3. Describe the 50 State Quarters® Program for background information, if necessary,using the example of your own state, if available. Introduce the word "obverse."Explain to the students that "obverse" is another name for the front of the coin.
  4. Display the "Quarter Obverse" transparency. Ask the students who is pictured onthe obverse of the quarter. If necessary, tell them that the man on the quarter isPresident George Washington.
  5. Distribute the "Coin Connections" worksheet to each of the students. Display the"Coin Connections" transparency on the overhead projector. Review each of thecoins pictured with the students, including the name of the coin, the images on thecoin, and the denomination.
  6. Have students trace the common name and denomination of each of the coinspictured on the "Coin Connections" worksheet and then write the words themselves.Collect the "Coin Connections" worksheet.
  7. Review the session and charted information about coins.

Session 2

  1. Review the previous session and discussion, focusing on the four denominationspresented.
  2. Display the "Math Symbols" transparency and discuss with the students the symbolsused in math to represent "greater than," "less than," and "equal to." Think of waysto help the students differentiate between the "greater than" and "less than" sym-bols. Ask the students why they think these symbols are used instead of writing thewords. Student answers may include that the symbols are easier or quicker to writeand that they take up less room.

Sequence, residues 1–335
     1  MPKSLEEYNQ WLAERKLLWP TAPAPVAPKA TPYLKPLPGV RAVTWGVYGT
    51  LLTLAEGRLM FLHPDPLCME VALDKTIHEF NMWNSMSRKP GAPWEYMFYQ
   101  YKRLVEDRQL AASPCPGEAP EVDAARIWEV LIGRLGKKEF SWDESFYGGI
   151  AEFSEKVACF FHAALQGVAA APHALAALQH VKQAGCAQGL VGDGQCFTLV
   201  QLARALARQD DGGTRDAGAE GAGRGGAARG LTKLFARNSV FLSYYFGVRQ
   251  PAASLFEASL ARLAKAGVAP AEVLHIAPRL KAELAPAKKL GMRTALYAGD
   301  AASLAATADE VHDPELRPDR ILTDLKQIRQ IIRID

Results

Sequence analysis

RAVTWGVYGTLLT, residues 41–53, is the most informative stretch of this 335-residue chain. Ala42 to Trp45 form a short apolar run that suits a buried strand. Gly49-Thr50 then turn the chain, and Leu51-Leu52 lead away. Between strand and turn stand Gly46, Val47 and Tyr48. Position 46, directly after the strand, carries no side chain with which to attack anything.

3. Display and distribute the "More, Less, or Same" worksheet to students. Read andreview the directions with the students and answer any questions the students mayhave. Review question number one and complete as a class as an example.
  4. Divide the class into small groups or pairs and have the students complete the"More, Less, or Same" worksheet.
  5. As a class, review the "More, Less, or Same" worksheet. Record student answers inthe "My Answer" column of the worksheet. Record the correct answer in the "ClassAnswer" column of the "More, Less, or Same" transparency. Explain the answersand review the "greater than," "less than," and "equal to" symbols with the students.
  6. Have the students record the correct answers in the "Class Answer" column of the"More, Less, or Same" worksheet. Answer any student questions.
  7. Display the "More, Less, or Same" worksheets around the room.

Differentiated Learning Options

  • Allow students to work in pairs.
  • Allow students to work with a scribe to complete the worksheet.

Enrichments/Extensions

  • Have students compare larger coin denominations (half dollar and dollar coins).
  • Have students create their own number sentences using the "greater than," "less than," and "equal to" symbols.
  • Have students learn more about how coins are made by visiting the "Birth of a Coin" cartoon at www.usmint.gov/kids/cartoons/birthOfACoin/.

Use the students’ class participation and worksheets to evaluate whether they have met the lesson objectives.